The Full Wiki

Mount Laguna Observatory: Wikis

Advertisements
  
  

Note: Many of our articles have direct quotes from sources you can cite, within the Wikipedia article! This article doesn't yet, but we're working on it! See more info or our list of citable articles.

Encyclopedia

From Wikipedia, the free encyclopedia

The Mount Laguna Observatory or MLO is an astronomical observatory operated by the Astronomy Department of San Diego State University (SDSU). It is located approximately forty five miles east of downtown San Diego on the eastern edge of the Cleveland National Forest, and is named after the Laguna Mountains.


Mount Laguna Observatory

MLO-1-npaci.jpg

Organization San Diego State University
Location San Diego, California
Coordinates 32°50′33″N 116°25′41″W / 32.8424°N 116.4280°W / 32.8424; -116.4280
Altitude 1859 meters (6100 ft)
Webpage MLO at SDSU
Telescopes
ULTRA telescope 40-inch reflector
Buller telescope 21-inch reflector
Smith telescope 24-inch reflector
"Illinois" telescope 40-inch reflector
Large Robotic telescope (proposed) 100-inch reflector

Contents

History

The MLO was dedicated in June 19th, 1968, seven years after SDSU's Department of Astronomy became an independent academic department of SDSU's College of Sciences. The dedication took place during the 1968 summer meeting of the Astronomical Society of the Pacific.

The Observatory

Advertisements

Current Research Projects

The observatory has four telescopes which are used by the students and faculty of both SDSU and the University of Illinois at Urbana-Champaign.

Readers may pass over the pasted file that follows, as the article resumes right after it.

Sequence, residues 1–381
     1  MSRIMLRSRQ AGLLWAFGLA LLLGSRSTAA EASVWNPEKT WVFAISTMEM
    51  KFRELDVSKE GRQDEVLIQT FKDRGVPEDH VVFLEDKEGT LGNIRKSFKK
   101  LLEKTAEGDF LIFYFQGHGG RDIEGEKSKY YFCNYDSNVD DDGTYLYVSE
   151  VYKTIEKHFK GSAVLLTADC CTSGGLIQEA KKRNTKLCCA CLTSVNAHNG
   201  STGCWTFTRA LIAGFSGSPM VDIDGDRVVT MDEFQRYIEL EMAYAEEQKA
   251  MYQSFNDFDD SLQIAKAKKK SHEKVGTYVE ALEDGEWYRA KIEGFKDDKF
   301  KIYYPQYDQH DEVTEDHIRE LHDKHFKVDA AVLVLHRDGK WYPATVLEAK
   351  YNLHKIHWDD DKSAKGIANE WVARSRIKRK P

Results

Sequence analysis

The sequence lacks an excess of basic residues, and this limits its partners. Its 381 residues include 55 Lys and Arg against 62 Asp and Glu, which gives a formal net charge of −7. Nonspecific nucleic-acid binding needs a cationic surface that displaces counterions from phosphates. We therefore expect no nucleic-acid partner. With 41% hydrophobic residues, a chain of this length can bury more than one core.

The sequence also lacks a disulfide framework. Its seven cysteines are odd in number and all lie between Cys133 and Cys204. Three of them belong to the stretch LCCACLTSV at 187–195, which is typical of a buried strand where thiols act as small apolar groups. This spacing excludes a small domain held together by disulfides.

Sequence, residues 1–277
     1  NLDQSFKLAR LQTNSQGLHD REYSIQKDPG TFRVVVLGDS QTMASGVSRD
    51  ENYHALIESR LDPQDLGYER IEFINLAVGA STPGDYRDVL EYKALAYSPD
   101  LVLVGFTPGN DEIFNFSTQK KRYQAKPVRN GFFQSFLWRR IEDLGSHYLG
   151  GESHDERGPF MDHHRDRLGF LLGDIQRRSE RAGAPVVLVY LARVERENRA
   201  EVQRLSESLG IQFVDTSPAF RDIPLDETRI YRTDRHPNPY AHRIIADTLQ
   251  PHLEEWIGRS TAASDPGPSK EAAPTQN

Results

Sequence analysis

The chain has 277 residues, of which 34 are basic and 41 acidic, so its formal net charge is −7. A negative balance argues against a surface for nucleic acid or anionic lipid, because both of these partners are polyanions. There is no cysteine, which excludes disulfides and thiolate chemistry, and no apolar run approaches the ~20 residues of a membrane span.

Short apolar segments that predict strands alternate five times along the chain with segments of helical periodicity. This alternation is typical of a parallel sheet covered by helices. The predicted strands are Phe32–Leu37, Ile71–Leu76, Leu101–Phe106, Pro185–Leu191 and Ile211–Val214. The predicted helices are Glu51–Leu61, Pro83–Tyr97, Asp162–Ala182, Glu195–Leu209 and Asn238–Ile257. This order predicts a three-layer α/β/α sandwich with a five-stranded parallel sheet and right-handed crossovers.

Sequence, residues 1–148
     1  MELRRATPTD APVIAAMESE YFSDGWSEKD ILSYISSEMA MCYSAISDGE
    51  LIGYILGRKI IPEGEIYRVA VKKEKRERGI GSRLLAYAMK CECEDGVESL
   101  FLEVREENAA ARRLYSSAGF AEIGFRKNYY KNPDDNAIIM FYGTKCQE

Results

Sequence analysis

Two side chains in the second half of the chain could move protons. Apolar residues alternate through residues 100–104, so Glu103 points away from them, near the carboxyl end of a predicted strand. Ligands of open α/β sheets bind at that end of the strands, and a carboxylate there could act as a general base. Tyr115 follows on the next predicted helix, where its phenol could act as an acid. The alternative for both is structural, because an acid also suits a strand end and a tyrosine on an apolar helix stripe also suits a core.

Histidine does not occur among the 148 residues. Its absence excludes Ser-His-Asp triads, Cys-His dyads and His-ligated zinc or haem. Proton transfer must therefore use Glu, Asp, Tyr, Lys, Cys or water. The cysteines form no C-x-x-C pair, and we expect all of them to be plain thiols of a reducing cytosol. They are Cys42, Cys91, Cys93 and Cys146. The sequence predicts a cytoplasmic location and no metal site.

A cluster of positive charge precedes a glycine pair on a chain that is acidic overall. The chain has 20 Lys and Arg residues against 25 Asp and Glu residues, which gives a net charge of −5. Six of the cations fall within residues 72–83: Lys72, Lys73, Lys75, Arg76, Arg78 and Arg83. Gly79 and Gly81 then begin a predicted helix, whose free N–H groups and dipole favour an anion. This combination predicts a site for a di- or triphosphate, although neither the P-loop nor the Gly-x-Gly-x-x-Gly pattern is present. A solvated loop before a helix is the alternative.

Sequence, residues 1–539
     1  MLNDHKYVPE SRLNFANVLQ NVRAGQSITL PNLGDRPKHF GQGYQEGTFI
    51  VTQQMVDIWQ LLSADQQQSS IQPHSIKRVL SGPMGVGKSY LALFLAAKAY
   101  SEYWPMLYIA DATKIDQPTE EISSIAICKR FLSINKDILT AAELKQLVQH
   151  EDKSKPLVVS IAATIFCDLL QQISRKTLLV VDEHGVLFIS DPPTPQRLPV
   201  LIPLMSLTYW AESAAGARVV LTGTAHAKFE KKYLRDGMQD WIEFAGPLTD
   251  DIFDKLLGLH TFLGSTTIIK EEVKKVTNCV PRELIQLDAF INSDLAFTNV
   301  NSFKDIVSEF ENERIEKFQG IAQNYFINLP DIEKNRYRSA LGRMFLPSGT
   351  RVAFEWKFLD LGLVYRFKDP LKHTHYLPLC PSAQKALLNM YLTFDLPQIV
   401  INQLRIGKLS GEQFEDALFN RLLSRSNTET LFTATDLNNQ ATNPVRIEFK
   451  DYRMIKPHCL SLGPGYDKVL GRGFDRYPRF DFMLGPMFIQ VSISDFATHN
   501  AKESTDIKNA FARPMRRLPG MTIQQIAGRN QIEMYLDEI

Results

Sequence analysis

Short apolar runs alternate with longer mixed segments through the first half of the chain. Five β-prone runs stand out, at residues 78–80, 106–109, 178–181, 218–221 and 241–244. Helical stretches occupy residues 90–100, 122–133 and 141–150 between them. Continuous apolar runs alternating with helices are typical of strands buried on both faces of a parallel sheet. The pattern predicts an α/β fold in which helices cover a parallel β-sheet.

HPWREN

Data is transferred back from the MLO via the High Performance Research and Education Network (HPWREN).

Equipment

  • 40-inch (1,000 mm) ULTRA telescope (Test bed for special Lightweight Mirrors)
  • 21-inch (530 mm) Buller telescope
  • 24-inch (610 mm) Smith telescope
  • 40-inch (1.0 m) "Illinois" telescope
  • 100-inch (2.5 m) Large robotic telescope (proposed)

Future Equipment and Research Projects

A collaboration between the University of Kansas, Composite Mirror Applications out of Tucson, AZ, and Dartmouth College is currently looking to replace the 16-inch (410 mm) telescope with another 40-inch (1.0 m) telescope using carbon composite technology in a project known as ULTRA.

Also a 100-inch (2.5 m) Large Robotic Telescope is being planned.

See also

External links


Advertisements






Got something to say? Make a comment.
Your name
Your email address
Message